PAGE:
August 27, 2010

Savory Palmiers (italian pastries)


  • 1 package frozen Pepperidge Farm puff pastry, defrosted
  • 1/4 cup prepared pesto, store bought or homemade (recipe follows)
  • 1/2 cup crumbled goat cheese, such as Montrachet
  • 1/4 cup finely chopped sundried tomatoes in oil, drained
  • 1/4 cup toasted pine nuts
  • Kosher salt


Lightly flour a board and carefully unfold one sheet of puff pastry.

Roll the pastry lightly with a rolling pin until it's 9 1/2 by 11 1/2-inches.

Spread the sheet of puff pastry with half the pesto, then sprinkle with half the goat cheese, half the sundried tomatoes, and half the pine nuts.

Sprinkle with 1/4 teaspoon salt.

Working from the short ends, fold each end halfway to the center. Then fold each side again towards the center until the folded edges almost touch.

Fold one side over the other and press lightly.

Place on a baking sheet lined with parchment paper. Repeat the entire instructions for the second sheet of puff pastry using the remaining ingredients.

Cover with plastic wrap and chill for at least 45 minutes.

Meanwhile, preheat the oven to 400 degrees F.

Cut the prepared rolls of puff pastry in 1/4 inch thick slices and place them face up 2 inches apart on baking sheets lined with parchment paper. Bake for 14 minutes, until golden brown. Serve warm.

Homemade Pesto:

  • 1/4 cup walnuts
  • 1/4 cup pignolis (pine nuts)
  • 3 tablespoons chopped garlic (9 cloves)
  • 5 cups fresh basil leaves, packed
  • 1 teaspoon kosher salt
  • 1 teaspoon freshly ground black pepper
  • 1 1/2 cups good olive oil
  • 1 cup freshly grated Parmesan cheese

Place the walnuts, pignolis, and garlic in the bowl of a food processor fitted with a steel blade. Process for 30 seconds.

Add the basil leaves, salt, and pepper.

With the processor running, slowly pour the olive oil into the bowl through the feed tube and process until the pesto is finely pureed.

Add the Parmesan and puree for a minute.

Serve, or store the pesto in the refrigerator or freezer with a thin film of olive oil on top.

Yield: 4 cups

August 19, 2010

Homemade Refrigerated Dill Pickles

  • 6 cups sliced cucumbers (slice how you like them)
Pickling Mixture:
  • 1/2-cup (packed) fresh dill (from your garden or the grocery store's fresh vegetable dept)
  • 2 cups thinly sliced onions
  • 1-1/2 cups sugar, honey, agave nector or Splenda
  • 1-1/2 cups white vinegar (5%)
  • 1/2 teaspoon salt (canning or kosher is best, but not vital)
  • 1/2 teaspoon mustard seeds
  • 1/2 teaspoon celery seeds
  • 1/2 teaspoon ground turmeric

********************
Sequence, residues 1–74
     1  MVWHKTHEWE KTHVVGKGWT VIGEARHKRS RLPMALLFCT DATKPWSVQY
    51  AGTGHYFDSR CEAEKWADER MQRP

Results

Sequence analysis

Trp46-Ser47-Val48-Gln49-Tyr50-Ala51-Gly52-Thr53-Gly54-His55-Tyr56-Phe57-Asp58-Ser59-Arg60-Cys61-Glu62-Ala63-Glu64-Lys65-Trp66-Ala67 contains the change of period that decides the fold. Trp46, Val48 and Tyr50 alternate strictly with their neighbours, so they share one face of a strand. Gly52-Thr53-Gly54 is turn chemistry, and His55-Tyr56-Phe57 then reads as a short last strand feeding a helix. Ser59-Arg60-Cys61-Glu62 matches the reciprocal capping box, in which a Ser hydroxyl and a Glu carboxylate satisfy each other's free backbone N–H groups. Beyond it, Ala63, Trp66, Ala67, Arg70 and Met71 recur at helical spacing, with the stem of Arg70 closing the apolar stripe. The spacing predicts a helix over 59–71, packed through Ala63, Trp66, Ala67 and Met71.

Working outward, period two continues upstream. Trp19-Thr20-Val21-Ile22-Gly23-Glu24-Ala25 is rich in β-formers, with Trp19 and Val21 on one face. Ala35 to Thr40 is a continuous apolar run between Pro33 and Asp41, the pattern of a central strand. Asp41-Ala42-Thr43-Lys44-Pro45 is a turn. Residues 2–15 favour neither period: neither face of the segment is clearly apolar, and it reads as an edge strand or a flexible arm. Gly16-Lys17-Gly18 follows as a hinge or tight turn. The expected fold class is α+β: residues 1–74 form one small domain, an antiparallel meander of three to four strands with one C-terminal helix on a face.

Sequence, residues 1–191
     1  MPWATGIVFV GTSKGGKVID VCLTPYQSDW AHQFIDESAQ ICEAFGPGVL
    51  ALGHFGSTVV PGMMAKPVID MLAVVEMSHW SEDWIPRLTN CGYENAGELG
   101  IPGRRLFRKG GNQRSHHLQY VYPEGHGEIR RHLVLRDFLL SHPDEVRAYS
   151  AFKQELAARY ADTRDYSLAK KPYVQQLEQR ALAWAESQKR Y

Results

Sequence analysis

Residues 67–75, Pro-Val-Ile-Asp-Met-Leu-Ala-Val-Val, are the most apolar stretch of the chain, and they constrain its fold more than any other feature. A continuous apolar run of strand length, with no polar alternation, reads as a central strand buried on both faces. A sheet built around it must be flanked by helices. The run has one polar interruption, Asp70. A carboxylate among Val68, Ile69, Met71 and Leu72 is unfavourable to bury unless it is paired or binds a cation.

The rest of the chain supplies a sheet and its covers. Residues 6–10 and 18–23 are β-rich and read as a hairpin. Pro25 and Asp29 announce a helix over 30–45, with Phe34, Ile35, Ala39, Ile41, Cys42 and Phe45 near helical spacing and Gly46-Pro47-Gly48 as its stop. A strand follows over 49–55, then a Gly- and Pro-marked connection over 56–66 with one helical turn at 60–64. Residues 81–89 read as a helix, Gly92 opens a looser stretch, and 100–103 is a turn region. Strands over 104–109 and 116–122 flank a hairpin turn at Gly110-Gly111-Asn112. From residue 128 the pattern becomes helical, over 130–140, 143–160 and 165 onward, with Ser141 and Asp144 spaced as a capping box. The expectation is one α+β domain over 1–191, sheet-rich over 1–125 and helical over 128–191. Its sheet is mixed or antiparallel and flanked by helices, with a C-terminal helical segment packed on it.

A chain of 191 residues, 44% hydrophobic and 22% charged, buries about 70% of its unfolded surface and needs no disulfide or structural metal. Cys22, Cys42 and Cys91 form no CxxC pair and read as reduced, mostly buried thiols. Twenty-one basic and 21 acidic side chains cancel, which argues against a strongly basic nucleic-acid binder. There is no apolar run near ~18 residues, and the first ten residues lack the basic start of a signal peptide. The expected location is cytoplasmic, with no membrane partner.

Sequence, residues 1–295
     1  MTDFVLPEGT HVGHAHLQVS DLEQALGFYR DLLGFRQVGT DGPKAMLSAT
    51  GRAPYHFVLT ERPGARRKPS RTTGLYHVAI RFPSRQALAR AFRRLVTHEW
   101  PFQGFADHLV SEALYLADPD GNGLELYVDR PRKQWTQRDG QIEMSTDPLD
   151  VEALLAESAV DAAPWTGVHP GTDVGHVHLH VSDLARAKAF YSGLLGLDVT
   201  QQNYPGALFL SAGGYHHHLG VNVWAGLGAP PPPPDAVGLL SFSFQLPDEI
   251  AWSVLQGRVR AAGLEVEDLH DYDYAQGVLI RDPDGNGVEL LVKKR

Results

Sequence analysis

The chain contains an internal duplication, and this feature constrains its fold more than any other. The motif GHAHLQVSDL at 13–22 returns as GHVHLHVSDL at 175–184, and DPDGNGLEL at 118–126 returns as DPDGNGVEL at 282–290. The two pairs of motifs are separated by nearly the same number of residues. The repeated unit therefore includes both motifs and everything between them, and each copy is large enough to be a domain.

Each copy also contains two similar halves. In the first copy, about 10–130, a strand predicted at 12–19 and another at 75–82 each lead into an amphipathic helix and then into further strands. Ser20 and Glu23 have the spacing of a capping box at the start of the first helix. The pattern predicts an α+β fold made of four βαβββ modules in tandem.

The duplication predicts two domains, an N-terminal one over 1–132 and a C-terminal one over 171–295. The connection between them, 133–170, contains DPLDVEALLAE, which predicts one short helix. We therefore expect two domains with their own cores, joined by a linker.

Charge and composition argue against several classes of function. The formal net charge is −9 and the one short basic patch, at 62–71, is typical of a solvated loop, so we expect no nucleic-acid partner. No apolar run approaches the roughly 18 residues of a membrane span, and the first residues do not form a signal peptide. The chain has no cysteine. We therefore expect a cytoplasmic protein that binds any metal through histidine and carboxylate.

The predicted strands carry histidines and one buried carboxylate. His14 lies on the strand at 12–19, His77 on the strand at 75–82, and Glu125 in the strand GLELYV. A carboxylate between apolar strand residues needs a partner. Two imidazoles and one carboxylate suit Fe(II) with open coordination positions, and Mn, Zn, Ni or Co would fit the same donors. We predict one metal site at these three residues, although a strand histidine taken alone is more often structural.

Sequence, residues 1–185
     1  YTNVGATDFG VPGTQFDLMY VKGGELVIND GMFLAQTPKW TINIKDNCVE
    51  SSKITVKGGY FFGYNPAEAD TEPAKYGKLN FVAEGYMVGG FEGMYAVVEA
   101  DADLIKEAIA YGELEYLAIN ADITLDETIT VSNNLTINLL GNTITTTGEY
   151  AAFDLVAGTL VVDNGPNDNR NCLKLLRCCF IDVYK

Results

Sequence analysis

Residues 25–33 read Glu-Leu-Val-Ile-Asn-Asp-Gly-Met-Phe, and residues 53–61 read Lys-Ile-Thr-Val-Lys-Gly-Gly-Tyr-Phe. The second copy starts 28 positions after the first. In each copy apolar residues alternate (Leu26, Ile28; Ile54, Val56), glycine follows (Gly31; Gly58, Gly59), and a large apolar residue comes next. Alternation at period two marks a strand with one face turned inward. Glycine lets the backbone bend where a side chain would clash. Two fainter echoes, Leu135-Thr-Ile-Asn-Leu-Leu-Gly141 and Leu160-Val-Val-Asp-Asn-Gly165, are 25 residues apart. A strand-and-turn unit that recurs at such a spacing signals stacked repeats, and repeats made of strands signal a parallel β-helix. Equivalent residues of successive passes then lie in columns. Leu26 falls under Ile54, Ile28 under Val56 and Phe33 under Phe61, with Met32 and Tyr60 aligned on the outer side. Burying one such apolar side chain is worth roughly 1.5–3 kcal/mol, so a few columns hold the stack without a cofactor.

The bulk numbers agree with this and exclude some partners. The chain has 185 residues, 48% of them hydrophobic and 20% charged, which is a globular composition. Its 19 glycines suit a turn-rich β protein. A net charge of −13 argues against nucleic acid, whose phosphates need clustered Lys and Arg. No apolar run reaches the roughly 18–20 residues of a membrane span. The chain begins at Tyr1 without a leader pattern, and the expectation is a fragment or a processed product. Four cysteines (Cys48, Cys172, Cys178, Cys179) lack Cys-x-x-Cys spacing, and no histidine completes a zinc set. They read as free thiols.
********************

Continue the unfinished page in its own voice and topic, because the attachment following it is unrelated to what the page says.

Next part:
• **optional grape leaves

Bring the pickling mixture and 2 cups of vinegar to a near-boil - just simmering!
Be sure to use a NON-metal pot - or a coated metal (teflon, silverstone, enamel, etc.) without breaks in the coating. The metal reacts with the vinegar and makes the pickle solution turn cloudy.
Pack the cucumbers, whole or slices in and pour the simmering pickle mix liquid over them. Fill them to within ¼-inch of the top, set the lid and hand-tighten the ring around them.
***To make your dill pickles crispy, put a fresh clean grape leaf in the bottom of each jar. Continue with the process as usual!
Cool at room temperature. About 2 hours. Put into the fridge and wait at least 24 hours!
It takes some time for the seasonings to be absorbed into the pickles. That's at least 24 hours, but for best flavor wait 1 week.
Be sure to keep them refrigerated!!! Lasts about 2 months.

August 17, 2010

Fight These 4 causes of Aging
You can slow down your aging process and help stave off heart disease, cancer, and diabetes. U.S. News & World Report offers some tips on how to do it:

  1. Free radicals. Free radicals are chemically unstable molecules that attack your cells and damage your DNA. You can limit your exposure to them by avoiding cigarettes, trans fats, charred meats, and other sources.
    Organic fruits and vegetables will also limit your exposure to pesticides and herbicides, which contain the harmful molecules.
  2. Inflammation. Inflammation is a major player in many diseases of aging, including cancer, diabetes, heart disease, and Alzheimer's. One way to avoid it is to follow a Mediterranean-style diet.
    Other great anti-inflammatory foods include turmeric, dark chocolate, and the anti-aging chemical resveratrol. Exercise is another great way to lower inflammation.
  3. Glycation. Glycation is what happens when sugar mixes with proteins and fats to form molecules that promote aging. Advanced glycation end products, or AGEs, are thought to accelerate your aging process by churning out free radicals and promoting inflammation. One way to avoid ingesting AGEs is to turn down the heat when you cook. The browning effect of high-heat cooking causes these molecules to form. Limiting your intake of sugar-filled foods in general will also help.
  4. Stress. Stress initiates the release of a variety of hormones that make your pulse race and cause your blood pressure to rise. The hormone cortisol, released to lessen these effects, also creates problems when it remains chronically elevated. Try practicing relaxation techniques to help manage stress, and get enough sleep every night.
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